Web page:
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Hollywood Air Force

By Adam Lippe

The late comedian Mitch Hedberg, in one of his more perceptive, addled observations, pointed out how multi-tasking is not solely a requirement of office work, but falls under Hollywood’s expectations as well: “As a comedian, I always get into situations where I’m auditioning for movies and sitcoms, you know? As a comedian, they want you […]

Whiteout

By Adam Lippe

Do you ever wonder what goes on during meetings about theatrical release dates for movies? Well, I know you don’t, but just whose idea was it to open the violent 3 hour exploitation pastiche/parody Grindhouse on Easter weekend? “We have an opening in April; do we have anything to fill it?” “Which weekend?” “Easter.” “Hmmm. […]

Cold Souls

By Adam Lippe

If you rip off an original idea in an original way, is it still stealing? Does it really matter one way or the other, since the presentation is more important than your “acquired” idea? The fallacy of the original idea is a nice trap thrown in by those rejecting material without needing to explain their […]

Quantum of Solace

By Adam Lippe

One of the most amusing things about the influx of Bourne-style action movies is that it puts the filmmakers in a peculiar bind. The Bourne films take themselves very seriously, but amidst their constant globetrotting (I’d imagine Jason Bourne manages to fill up even his fake passports with travel stamps), they tend to stay in […]

Reds

By Adam Lippe

Here’s the idea behind “A Canadian, an American, a Lawyer, and an Elitist”: Rhett’s favorite movie is Meatballs 4,  Shawn has an unhealthy fixation on Resident Evil, Richard scoffs at anything that isn’t pretentious and hoity toity, and Adam is a prick who hates everything. We all watch far too many movies, and spend our […]

I Really Wanted to Get Smart

By Adam Lippe

Wanton violence and nihilism is not always a bad thing. As with anything, it is entirely about tone. Having just finished watching The Texas Chainsaw Massacre: The Beginning, in all its studio-polished, R-rated glory – where the question of character deaths was not an “if” proposition, but rather a “when” – it became clear what […]

Transsiberian

By Adam Lippe

It is not always a mystery why some films manage to creatively avoid widespread distribution. Brad Anderson’s Transsiberian, a mix of travelogue, relationship drama, Runaway Train, and Renny Harlin’s hilariously anti-Russian Born American, doesn’t fit into a specific category. The movie is well made, has terrific, snowy photography, and its minimal ambitions are an asset. […]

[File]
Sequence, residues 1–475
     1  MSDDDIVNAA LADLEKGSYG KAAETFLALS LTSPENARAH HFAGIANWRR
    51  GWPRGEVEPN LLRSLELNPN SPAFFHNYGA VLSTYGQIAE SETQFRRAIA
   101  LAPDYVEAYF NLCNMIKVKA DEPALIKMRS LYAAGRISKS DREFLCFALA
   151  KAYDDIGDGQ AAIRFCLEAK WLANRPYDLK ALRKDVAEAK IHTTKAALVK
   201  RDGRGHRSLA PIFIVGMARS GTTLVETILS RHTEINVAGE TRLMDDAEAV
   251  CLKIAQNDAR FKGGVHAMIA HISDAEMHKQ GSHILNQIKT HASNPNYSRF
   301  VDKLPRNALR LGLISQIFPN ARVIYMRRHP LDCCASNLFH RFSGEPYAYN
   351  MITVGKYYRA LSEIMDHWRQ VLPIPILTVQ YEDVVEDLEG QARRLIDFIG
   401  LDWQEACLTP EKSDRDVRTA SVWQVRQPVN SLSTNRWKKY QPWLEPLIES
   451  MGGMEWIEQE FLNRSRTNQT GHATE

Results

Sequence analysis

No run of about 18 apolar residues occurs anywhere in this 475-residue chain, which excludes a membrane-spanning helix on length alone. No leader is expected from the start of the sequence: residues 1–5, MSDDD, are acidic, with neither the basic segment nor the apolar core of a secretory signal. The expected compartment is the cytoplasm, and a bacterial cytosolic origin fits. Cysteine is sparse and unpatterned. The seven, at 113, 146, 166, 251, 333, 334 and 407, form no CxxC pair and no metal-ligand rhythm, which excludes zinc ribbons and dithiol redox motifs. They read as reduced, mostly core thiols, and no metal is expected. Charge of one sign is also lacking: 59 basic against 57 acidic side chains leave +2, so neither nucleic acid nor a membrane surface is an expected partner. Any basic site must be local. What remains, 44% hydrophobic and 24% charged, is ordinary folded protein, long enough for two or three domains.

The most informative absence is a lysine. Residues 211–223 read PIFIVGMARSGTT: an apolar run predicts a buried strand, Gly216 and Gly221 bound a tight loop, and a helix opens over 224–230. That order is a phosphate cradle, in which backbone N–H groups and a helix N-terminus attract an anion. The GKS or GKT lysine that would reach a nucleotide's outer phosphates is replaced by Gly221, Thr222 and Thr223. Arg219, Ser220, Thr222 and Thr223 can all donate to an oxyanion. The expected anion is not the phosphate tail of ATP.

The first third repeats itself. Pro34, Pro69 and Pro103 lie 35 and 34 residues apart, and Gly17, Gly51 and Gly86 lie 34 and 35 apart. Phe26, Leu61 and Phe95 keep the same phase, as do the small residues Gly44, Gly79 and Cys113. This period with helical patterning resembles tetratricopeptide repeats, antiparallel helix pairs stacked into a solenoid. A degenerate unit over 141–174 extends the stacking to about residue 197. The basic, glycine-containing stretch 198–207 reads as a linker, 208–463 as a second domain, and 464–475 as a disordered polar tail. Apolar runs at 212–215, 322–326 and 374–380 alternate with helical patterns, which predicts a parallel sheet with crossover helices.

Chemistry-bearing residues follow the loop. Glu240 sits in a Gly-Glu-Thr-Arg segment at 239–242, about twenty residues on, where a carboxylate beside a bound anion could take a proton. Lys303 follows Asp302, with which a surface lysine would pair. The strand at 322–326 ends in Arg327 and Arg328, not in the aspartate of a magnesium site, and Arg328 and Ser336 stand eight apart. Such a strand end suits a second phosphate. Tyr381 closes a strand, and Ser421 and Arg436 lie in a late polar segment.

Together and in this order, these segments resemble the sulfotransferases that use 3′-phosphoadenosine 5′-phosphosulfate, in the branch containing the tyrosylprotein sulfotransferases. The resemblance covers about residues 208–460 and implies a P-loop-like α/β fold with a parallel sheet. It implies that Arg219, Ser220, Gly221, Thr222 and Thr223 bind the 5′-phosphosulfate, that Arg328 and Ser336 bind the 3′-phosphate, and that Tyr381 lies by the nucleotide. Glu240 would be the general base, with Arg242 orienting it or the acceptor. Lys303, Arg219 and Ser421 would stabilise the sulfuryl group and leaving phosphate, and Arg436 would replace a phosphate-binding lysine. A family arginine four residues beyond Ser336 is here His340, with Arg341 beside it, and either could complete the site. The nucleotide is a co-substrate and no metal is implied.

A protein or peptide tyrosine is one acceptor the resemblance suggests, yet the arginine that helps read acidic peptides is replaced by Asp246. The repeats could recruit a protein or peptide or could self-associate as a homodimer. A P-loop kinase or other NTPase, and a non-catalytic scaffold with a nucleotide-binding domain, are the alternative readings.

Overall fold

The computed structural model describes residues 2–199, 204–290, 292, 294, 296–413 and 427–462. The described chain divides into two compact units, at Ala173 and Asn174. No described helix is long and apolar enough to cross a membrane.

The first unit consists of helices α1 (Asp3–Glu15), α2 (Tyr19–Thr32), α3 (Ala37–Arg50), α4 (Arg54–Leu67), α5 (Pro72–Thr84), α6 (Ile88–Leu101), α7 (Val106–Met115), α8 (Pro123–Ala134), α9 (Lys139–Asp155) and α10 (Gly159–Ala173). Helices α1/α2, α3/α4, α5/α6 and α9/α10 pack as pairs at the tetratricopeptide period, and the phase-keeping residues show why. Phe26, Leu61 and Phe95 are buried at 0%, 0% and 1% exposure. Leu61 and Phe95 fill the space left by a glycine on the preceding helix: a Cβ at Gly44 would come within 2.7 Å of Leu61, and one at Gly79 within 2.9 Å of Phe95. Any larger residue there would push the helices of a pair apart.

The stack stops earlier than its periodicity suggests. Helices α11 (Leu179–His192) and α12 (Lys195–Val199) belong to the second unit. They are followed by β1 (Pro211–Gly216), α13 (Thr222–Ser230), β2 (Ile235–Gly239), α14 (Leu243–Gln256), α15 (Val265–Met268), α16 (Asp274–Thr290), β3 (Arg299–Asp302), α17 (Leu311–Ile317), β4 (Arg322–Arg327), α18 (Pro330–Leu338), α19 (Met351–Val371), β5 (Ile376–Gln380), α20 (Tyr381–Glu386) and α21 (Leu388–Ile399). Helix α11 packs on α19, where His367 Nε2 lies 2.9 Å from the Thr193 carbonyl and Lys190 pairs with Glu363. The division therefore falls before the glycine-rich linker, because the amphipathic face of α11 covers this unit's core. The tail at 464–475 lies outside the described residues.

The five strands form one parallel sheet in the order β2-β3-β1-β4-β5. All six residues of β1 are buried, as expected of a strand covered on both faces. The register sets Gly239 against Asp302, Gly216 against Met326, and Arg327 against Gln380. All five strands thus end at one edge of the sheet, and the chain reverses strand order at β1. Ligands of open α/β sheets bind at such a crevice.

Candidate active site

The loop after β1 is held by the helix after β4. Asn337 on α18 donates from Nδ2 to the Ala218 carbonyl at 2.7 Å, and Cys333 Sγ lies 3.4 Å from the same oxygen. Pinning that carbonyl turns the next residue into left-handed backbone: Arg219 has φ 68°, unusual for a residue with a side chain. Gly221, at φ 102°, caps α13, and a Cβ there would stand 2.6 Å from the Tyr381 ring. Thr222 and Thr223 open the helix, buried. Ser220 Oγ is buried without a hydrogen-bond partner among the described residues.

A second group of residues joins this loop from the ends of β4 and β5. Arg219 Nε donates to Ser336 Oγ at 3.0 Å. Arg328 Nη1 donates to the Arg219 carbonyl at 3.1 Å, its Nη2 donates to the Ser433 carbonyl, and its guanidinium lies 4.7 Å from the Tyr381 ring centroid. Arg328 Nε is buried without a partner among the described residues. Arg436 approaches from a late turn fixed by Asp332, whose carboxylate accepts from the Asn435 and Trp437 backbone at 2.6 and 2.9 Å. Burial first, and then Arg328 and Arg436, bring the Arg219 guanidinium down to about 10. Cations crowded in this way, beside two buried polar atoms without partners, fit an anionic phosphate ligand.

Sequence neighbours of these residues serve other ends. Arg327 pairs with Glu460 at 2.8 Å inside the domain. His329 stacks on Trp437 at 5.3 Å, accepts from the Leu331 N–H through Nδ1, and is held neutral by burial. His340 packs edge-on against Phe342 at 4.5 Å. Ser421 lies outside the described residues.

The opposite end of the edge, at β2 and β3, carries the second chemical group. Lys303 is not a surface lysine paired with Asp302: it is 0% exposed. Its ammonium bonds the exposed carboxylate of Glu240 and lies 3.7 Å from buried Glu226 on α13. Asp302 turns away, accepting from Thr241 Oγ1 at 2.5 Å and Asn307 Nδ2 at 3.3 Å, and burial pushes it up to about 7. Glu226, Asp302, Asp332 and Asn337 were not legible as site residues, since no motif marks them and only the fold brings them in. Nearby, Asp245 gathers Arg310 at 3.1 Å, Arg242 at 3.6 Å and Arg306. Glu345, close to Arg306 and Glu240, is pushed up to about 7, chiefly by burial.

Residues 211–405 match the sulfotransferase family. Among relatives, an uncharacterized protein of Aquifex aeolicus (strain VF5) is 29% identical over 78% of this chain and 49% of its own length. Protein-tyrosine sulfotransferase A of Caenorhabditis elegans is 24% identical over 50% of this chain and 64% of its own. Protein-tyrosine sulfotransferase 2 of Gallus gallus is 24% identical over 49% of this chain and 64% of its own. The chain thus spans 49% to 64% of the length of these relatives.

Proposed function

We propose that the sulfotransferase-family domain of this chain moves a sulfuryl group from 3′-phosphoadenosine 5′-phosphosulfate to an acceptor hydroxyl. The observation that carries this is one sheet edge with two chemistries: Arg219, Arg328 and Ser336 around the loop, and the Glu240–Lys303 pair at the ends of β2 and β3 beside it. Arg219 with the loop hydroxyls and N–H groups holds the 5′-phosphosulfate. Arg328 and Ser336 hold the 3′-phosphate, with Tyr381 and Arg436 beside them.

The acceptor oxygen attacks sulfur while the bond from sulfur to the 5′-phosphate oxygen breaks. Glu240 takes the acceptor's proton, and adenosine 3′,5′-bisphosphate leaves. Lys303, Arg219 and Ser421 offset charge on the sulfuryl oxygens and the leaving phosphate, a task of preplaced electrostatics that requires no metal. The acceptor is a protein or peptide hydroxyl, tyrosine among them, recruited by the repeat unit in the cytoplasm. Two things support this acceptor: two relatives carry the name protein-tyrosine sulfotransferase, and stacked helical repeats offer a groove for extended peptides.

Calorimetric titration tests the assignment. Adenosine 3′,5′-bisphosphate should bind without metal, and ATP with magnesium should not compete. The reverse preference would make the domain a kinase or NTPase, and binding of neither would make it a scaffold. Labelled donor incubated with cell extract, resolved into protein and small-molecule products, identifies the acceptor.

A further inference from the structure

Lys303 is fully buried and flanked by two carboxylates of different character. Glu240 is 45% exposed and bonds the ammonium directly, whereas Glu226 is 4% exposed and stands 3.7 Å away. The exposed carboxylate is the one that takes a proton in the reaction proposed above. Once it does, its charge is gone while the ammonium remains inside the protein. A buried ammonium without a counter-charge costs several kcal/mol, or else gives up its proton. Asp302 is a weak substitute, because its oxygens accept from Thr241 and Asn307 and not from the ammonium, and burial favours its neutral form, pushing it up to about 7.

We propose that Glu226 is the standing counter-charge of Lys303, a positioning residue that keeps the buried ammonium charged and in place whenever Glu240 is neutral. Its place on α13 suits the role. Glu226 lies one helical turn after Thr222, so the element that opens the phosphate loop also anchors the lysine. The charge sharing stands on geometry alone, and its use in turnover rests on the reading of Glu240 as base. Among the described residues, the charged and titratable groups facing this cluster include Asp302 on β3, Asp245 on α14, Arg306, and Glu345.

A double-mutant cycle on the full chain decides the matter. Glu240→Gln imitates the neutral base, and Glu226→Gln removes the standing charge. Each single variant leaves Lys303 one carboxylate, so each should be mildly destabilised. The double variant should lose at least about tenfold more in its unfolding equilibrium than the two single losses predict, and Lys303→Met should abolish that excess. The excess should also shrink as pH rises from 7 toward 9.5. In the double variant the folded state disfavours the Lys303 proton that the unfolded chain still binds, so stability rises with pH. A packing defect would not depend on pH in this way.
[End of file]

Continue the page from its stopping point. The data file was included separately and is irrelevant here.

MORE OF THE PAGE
Indiana Jones and the Kingdom of the Crystal Skull

By Adam Lippe

Harrison Ford is introduced in Indiana Jones and the Kingdom of the Crystal Skull looking slack and small. This is not a good omen for someone who supposedly can beat any foe in a fistfight (numerously illustrated with endlessly repetitive punch noises added after the fact). The film also betrays its obviously huge budget, because […]

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Roadracers

By Adam Lippe

Whenever there’s a genre parody or ode to a specific era of films, such as Black Dynamite’s mocking of Blaxploitation films or Quentin Tarantino’s Death Proof, the second half of Grindhouse, the danger is that the film might fall into the trap of either being condescending without any particular insight, or so faithful that it becomes the very flawed thing it is emulating.

Black Dynamite has nothing new to say about Blaxploitation films, it just does a decent job of copying what an inept [...]


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Featured Quote (written by me)

On Cold Fish:

Though the 16 year old me described the 1994 weepie Angie, starring Geena Davis as a Brooklyn mother raising her new baby alone, as “maudlin and melodramatic,” Roger Ebert, during his TV review, referring to the multitude of soap-operaish problems piling up on the titular character, suggested that it was only in Hollywood where Angie would get a happy ending. “If they made this movie in France, Angie would have shot herself.”

Well Cold Fish was made in Japan, where Angie would have shot herself and that would have been the happy ending.